# Transformer mains identification

A friend gave me a transformer from an APC UPS that supposedly was capable of $$\1300 VA\$$ (I have my doubts, but it is very large and I am not going to be using nearly so much power, so OK). He doesn't have any other info about it, so I thought I'd experiment. I have a good idea of how these devices work, so it was easy to identify "mains" side vs "secondary" side (of course they would be backwards when using the batteries). The mains side has three wires: white, yellow, and black.

I figured that the this was to accommodate a $$\120/240 V\$$ switch, but on testing them, I get $$\16.4V\$$ from the white/black (expected), but then $$\18.4V\$$ from the white/yellow, which was not expected. If my conjecture had been correct, I would have expected to see half that voltage from the white/yellow mains inputs (I would have been putting $$\120V\$$ into a tap wanting $$\240V\$$ to return $$\16.4V\$$).

So what gives? Does anyone have experience with these transformers that could point me to an explanation?

simulate this circuit – Schematic created using CircuitLab

• The APC UPS I have can select the output voltage depending on how it is programmed. There are 3 settings. UPS output voltage is usually less than mains nominal voltage, to conserve battery. Your values correspond to about 100V and 90V (assuming battery at 14V), which may be fine for many computer systems. – Indraneel Feb 23 at 21:34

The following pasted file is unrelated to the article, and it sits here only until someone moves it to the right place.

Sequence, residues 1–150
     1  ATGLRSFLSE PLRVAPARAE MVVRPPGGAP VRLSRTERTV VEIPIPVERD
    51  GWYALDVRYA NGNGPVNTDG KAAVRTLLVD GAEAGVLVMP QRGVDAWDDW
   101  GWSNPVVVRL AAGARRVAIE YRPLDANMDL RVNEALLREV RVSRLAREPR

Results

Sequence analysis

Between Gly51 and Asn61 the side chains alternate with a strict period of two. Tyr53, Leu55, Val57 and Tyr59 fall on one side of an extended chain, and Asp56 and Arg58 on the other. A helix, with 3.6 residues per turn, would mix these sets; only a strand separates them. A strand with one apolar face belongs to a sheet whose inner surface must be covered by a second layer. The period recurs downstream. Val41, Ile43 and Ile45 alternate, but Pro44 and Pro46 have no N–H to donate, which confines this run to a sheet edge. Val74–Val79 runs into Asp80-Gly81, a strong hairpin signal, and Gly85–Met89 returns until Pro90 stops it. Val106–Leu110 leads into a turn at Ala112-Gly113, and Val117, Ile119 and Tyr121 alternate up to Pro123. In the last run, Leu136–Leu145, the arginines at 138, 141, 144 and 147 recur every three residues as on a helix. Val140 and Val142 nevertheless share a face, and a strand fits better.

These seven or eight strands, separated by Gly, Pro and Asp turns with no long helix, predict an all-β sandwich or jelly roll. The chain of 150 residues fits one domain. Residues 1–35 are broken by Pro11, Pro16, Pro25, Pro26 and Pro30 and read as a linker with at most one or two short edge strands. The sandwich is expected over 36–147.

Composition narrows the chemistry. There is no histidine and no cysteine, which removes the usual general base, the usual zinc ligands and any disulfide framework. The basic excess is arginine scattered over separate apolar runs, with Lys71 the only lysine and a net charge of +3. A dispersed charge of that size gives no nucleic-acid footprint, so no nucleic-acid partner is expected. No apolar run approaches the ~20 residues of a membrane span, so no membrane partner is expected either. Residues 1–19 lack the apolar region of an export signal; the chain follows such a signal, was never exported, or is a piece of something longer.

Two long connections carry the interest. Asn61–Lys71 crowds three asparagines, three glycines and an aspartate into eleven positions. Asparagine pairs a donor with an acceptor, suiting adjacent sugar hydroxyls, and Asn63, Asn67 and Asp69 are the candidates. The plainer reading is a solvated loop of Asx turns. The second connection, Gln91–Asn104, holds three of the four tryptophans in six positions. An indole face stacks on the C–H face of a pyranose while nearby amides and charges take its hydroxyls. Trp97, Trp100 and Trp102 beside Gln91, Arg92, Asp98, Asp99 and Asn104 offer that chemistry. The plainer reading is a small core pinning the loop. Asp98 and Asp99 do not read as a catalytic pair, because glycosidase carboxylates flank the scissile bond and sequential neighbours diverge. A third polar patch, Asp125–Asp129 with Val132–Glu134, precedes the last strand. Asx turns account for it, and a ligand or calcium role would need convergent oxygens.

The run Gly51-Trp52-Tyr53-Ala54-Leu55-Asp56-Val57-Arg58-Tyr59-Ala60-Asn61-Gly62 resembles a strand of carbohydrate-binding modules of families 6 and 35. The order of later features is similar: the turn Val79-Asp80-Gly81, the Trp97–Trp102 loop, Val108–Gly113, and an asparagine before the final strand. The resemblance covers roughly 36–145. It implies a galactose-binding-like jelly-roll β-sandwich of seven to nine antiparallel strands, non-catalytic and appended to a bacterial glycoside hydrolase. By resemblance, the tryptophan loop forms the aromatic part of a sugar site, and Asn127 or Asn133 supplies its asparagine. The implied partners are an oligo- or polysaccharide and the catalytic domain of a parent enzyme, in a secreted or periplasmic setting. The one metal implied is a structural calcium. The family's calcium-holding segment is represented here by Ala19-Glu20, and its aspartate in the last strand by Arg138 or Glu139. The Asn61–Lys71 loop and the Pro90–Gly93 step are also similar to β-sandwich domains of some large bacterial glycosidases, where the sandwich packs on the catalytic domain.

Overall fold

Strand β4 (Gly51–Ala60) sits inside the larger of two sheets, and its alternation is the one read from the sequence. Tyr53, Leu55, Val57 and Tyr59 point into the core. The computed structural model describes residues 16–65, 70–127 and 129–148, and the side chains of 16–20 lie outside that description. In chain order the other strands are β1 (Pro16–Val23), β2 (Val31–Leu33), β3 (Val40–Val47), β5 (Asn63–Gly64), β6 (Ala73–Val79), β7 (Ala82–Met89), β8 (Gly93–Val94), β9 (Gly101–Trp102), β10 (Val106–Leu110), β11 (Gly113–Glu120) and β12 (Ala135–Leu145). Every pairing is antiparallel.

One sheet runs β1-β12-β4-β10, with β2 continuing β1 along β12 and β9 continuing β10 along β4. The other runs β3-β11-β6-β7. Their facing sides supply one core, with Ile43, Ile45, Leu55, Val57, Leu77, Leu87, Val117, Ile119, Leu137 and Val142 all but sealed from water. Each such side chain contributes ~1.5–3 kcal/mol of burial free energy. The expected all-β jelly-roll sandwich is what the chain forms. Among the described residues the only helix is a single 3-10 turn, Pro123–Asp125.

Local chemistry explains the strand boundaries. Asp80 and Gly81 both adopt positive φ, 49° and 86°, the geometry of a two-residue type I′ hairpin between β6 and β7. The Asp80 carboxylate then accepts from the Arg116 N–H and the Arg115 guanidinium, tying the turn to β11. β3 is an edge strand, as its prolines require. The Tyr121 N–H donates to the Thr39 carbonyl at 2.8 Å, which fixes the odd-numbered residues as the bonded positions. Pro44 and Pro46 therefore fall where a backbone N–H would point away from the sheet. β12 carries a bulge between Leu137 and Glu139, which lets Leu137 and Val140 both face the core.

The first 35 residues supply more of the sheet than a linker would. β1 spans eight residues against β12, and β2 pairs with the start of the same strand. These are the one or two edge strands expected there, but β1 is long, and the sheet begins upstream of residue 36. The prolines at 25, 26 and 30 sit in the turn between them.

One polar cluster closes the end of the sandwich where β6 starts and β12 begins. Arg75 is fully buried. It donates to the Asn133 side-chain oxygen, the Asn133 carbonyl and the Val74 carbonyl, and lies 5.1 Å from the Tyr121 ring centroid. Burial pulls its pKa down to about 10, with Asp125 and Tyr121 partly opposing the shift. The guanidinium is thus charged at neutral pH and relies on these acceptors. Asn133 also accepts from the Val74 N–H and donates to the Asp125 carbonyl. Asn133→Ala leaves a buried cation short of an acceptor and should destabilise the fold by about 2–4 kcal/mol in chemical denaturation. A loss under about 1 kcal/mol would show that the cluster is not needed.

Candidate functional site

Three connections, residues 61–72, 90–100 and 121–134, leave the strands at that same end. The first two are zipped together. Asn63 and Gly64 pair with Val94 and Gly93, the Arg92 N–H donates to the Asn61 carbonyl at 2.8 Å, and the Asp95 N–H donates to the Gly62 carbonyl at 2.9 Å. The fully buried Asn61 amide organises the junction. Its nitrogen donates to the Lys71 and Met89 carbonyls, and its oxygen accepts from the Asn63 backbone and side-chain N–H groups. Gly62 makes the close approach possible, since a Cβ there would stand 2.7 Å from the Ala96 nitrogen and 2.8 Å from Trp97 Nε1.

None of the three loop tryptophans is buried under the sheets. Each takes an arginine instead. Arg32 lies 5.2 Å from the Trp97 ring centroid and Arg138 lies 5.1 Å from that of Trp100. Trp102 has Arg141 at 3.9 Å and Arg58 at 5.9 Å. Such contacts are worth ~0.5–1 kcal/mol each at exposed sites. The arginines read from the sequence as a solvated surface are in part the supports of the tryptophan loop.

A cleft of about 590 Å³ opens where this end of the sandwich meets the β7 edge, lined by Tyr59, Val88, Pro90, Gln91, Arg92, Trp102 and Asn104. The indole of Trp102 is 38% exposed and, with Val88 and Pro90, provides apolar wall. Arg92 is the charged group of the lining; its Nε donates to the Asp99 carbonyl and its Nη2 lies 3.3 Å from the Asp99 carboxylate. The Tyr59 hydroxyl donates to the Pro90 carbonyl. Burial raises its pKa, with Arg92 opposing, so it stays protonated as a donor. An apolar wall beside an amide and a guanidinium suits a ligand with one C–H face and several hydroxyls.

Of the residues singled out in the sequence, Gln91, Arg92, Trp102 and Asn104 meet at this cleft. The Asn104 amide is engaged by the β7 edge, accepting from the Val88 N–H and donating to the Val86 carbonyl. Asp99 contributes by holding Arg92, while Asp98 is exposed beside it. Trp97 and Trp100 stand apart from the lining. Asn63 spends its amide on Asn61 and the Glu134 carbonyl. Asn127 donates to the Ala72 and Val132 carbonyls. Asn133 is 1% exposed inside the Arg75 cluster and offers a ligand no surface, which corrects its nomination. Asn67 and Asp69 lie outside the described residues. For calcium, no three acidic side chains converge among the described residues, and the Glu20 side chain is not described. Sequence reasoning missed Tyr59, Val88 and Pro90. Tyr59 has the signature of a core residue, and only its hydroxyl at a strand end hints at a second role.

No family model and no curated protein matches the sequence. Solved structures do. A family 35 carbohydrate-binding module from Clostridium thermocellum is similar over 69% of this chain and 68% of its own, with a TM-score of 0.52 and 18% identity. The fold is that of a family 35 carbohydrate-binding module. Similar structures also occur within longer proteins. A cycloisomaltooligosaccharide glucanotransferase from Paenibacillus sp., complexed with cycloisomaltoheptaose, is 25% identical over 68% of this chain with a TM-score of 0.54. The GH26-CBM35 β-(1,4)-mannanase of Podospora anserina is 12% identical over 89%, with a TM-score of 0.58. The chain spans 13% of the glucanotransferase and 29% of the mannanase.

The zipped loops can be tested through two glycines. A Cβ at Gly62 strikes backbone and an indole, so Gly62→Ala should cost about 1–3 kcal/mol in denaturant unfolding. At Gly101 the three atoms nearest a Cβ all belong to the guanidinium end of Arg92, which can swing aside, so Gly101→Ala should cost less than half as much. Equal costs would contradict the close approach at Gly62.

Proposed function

• first of all you should measure resistance blk vs wht, blk vs ylw, wht vs ylw. – Marko Buršič Feb 23 at 21:37
• @MarkoBuršič Did that, this is the correct wiring. – TrivialCase Feb 23 at 21:40
• @Indraneel Thanks! So I guess the higher voltage tap gives ~110VAC and the lower ~100VAC or something like that? – TrivialCase Feb 23 at 21:42
• oh sorry, please disregard my comment. I just realized that the input ac may be less than 14V because of the PWM input. So that is an unknown too. – Indraneel Feb 23 at 21:46

I've since found that some of the APC series UPS units have these transformers as part of active circuitry in order to trim/boost output voltage. It all seems to simple now...

simulate this circuit – Schematic created using CircuitLab

"Normal" is the state in the diagram, we see that the AC only goes through XFMR1.

"Trim" is when SW1 is thrown, since then the AC flows backwards through XFMR2, subtracting from the XFMR1 output.

"Boost" is when SW2 is thrown, since then the AC flows forwards through XFMR2, adding to the XFMR1 output.

Mystery solved.

• Yes, they have 3 output voltage settings. Your method might work. – Indraneel Feb 27 at 6:01